One section of this fall’s Organic Chemistry I (CHEM F321) is the first of its kind. It provides online students with hands-on experience in custom home-based labs, remote access to research-grade equipment and robust 3D modeling software.

Tom Green, professor of chemistry, developed a fully online lab course for organic chemistry as part of his CITE Fellows project. Green was unimpressed with commercially available lab kits: “I was a little disappointed in the curriculum that lab supply companies address. These lab activities do not reflect what organic chemists actually do.” While there are spatterings of chemistry lab courses available online, none follow the basic structure of a rigorous organic chemistry lab: devise and follow a procedure, make direct observations, record data, analyze the results, and report the findings.

There are many course offerings that try to simplify the above process by letting students watch a remote video or play with a simulation, but these kind of experiences fall short of what the American Chemical Society lists as requirements for the bachelor’s level degree programs: “The laboratory experience must include synthesis of molecules; measurement of chemical properties, structures, and phenomena; hands-on experience with modern instrumentation; and computational data analysis and modeling.”1

Green began by adopting a different chemistry textbook that best matched his learning objectives and rearranging the presentation of chapters with remote laboratory experiences in mind. He realized that there were three types of experiences he could provide distance students with:

  1. logging into existing equipment that have online interfaces
  2. using modeling software that lets students experiment with chemical structures and compute bonding energies and electron distributions
  3. and the classic experience of following a procedure, measuring and recording data, and analyzing results in person at their homes.

Some of the lab procedures involve mailing back derived samples for remote instrumentation analysis using UAF’s research-grade equipment.

The surplus of time involved with asynchronous learning experiences was the key. Without having to get a group of students through a lab in a scheduled three hours, Green was able to create longer schedules for students to have access to lab equipment using online interfaces. Previous constraints of having to only work with reactions that fit in a three-hour window no longer applied. This freed up Green to explore using more environmentally conscious and safe lab procedures that use weaker chemicals that are just as effective as long as the reaction has enough time. Some of the experiments in Organic Chemistry I and Organic Chemistry II will set up reactions that occur overnight.

chemistry equipment

Pictured above are most of the instruments, glassware and materials that will be used for at-home labs by Organic Chemistry I students in fall 2020.

Here are takeaway insights that could be applied to other science lab courses:

  • Synchronize and sequence lab curriculum topics with class-taught topics. Lab exercises should strategically reinforce the course curriculum. Lab supply companies do not have ready-made kits suited for this purpose.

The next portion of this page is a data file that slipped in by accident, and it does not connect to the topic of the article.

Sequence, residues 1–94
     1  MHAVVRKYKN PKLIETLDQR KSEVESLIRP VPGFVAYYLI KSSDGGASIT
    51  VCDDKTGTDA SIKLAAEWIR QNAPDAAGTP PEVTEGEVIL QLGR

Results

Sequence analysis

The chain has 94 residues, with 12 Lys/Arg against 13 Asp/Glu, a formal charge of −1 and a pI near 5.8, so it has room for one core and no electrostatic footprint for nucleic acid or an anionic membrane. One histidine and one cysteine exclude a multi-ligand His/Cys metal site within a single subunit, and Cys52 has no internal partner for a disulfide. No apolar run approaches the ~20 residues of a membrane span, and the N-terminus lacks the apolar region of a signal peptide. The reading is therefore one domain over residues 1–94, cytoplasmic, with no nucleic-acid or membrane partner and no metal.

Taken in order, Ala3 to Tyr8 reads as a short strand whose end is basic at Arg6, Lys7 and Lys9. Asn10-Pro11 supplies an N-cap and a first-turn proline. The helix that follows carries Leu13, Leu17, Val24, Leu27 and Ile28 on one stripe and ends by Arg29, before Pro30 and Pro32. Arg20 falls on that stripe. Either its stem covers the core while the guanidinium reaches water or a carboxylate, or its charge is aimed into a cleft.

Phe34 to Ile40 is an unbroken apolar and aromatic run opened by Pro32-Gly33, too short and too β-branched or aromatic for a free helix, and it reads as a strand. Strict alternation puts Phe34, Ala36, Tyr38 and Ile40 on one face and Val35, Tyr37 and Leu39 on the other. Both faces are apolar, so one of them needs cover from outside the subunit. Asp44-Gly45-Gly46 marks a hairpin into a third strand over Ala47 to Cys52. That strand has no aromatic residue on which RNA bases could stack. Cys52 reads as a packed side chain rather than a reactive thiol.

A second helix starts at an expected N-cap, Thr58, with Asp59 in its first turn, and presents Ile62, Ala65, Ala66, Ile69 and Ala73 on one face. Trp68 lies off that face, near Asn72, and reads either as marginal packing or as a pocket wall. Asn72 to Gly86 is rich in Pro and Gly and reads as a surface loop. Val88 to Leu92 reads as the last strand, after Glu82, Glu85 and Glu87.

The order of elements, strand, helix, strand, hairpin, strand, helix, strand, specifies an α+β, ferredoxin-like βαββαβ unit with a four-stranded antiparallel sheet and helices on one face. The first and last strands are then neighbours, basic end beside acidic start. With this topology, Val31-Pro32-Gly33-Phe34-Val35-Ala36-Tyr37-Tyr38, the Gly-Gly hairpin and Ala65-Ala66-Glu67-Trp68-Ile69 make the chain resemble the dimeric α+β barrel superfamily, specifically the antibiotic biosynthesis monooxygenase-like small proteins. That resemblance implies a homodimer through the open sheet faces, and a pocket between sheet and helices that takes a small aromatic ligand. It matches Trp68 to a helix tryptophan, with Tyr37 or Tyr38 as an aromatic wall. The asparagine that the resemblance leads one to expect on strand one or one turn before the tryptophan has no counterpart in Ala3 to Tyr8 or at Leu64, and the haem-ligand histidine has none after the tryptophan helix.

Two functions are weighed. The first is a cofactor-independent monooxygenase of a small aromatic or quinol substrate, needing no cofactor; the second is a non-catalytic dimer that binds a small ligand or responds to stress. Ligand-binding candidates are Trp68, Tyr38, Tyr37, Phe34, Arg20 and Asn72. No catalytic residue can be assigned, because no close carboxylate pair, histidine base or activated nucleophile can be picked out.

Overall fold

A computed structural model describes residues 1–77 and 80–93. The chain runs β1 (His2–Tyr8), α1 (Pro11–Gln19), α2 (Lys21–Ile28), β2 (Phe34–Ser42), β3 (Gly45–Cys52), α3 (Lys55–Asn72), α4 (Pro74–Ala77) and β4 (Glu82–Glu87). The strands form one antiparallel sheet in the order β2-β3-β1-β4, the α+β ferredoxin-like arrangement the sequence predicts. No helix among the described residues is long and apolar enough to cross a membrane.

• Develop the lab experiences specifically for online learning with emphasis on the student studying at a distance.
  • Use molecular modeling software such as WebMO/Gassian to build molecules, calculate IR spectra of a compound, visualize bond vibrations, animate vibrations at specific energies, examine regions of varying electron densities and make their own electrostatic potential maps (EPMs).
  • Require students to complete a safety survey and designate a dedicated “lab” area in their homes.
  • Replace traditional materials with non-toxic materials whenever possible.
  • Use micro quantities of materials for safety and mailing purposes, and provide students with all necessary lab materials as part of their class and lab fees.
  • Provide safe containers for the disposal of consumable lab materials in home garbage cans.
  • Cut costs by balancing consumable lab kit materials with the use of more expensive equipment to be returned by students at the end of a semester.
  • Provide pre-postage mailers for students to send in compounds to be processed on research-grade equipment at UAF with follow-up analysis of results.
  • Take shipping turnaround time into consideration when scheduling due dates.
  • Provide students with manuals and demonstration videos to aid them in specific laboratory methods.
  • Allow students to submit video, photographs and measurements with their reports as part of an assignment in your online course shell.

The fall semester of UAF’s first online organic chemistry class with a lab is underway, and students are set for home experiments across Alaska and beyond. The demand for remote learning is here and Green is creatively meeting that need. Could you and your department be next?

References

1Committee on Professional Training, American Chemical Society. (2015). Undergraduate Professional Education in Chemistry: ACS Guidelines and Evaluation Procedures for Bachelor’s Degree Programs. Page 11.

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Dan LaSota

Dan LaSota, M.Ed., is an eCampus instructional designer and has taught several semesters of online classes at UAF.

dan.lasota@alaska.edu

Instructional Designer, UAF eCampus

Tom Green

Tom Green, Ph.D., has taught organic chemistry for over 30 years and has a strong passion for teaching lab curriculum for organic chemistry students with a specialty in green, safe, and micro chemistry procedures.

Tom Green

professor of chemistry, tkgreen@alaska.edu